The coast of Guernsey is to locals what the Thames is to Londoners. Both have existed for centuries and though tourists flock to their edges, it is the local soul that brings them to life. Guernsey’s coast may lie on the periphery, at the fringes of the land, but it is at the very core of the place, its people and its traditions. I appreciate this concept even more now that I have travelled and lived elsewhere in the world.
The coastline is where the ferries come and go on hot summer days and rainy winter ones too, where the preserved German bunkers still stand high on the clifftops, where the fisherman spend their long days trawling for mackerel, where hundreds of surfers wait at dawn for the perfect set in Vazon bay and where the unusually large tides come and go against the fine, white sand. It’s where first dates happen, proposals are made, weddings take place and where many islanders’ ashes are scattered. Life and death in Guernsey is, for so many, linked with the nature of the island itself. The coastline is our shared back garden.
Rock-pooling is something local children pick up quickly. Admittedly, it’s a skill that won’t advance your CV, but it’s character building stuff and teaches you about patience and how to make the tricky distinction between seaweed and sharp crab claws (I learnt the hard way). There are plenty of beaches where rock pools magically appear at low tide, meaning my siblings and I became valiant rock pool conquerors, intrepid explorers armed with nets and buckets! L’Eree, Port Soif, Pembroke and Cobo were our favourites.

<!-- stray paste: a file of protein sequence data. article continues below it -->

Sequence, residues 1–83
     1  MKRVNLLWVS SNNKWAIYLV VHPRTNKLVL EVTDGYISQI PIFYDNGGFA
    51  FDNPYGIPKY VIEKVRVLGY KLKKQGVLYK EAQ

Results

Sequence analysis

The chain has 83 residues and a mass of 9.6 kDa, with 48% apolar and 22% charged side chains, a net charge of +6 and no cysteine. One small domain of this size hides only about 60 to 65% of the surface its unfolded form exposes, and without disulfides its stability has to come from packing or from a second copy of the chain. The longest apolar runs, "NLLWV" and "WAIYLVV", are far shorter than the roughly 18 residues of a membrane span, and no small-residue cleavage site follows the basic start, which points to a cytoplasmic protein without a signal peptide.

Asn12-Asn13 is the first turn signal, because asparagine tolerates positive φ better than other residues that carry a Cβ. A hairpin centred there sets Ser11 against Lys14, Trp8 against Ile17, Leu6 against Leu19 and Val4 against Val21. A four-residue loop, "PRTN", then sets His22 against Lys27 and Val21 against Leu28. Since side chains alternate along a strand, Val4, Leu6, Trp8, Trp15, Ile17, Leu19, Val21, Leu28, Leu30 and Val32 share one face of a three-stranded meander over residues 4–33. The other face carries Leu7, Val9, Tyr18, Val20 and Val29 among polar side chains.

Swimming is big with local people, but it’s not an activity for the fainthearted. Forget floating on a lilo with your book because it’s chilly, and by that I mean fit for penguins. I have found the best method is to gradually submerge your body – roughly two inches per five minutes – so that numbness sets in and one can appreciate the crystal clear water in all its glory. Diving off a boat is a no-no unless you’re prepared for a brain freeze (advice I ignored in the following photo) and the boat is occupied with the best equipment as Merritt Supply firm provides.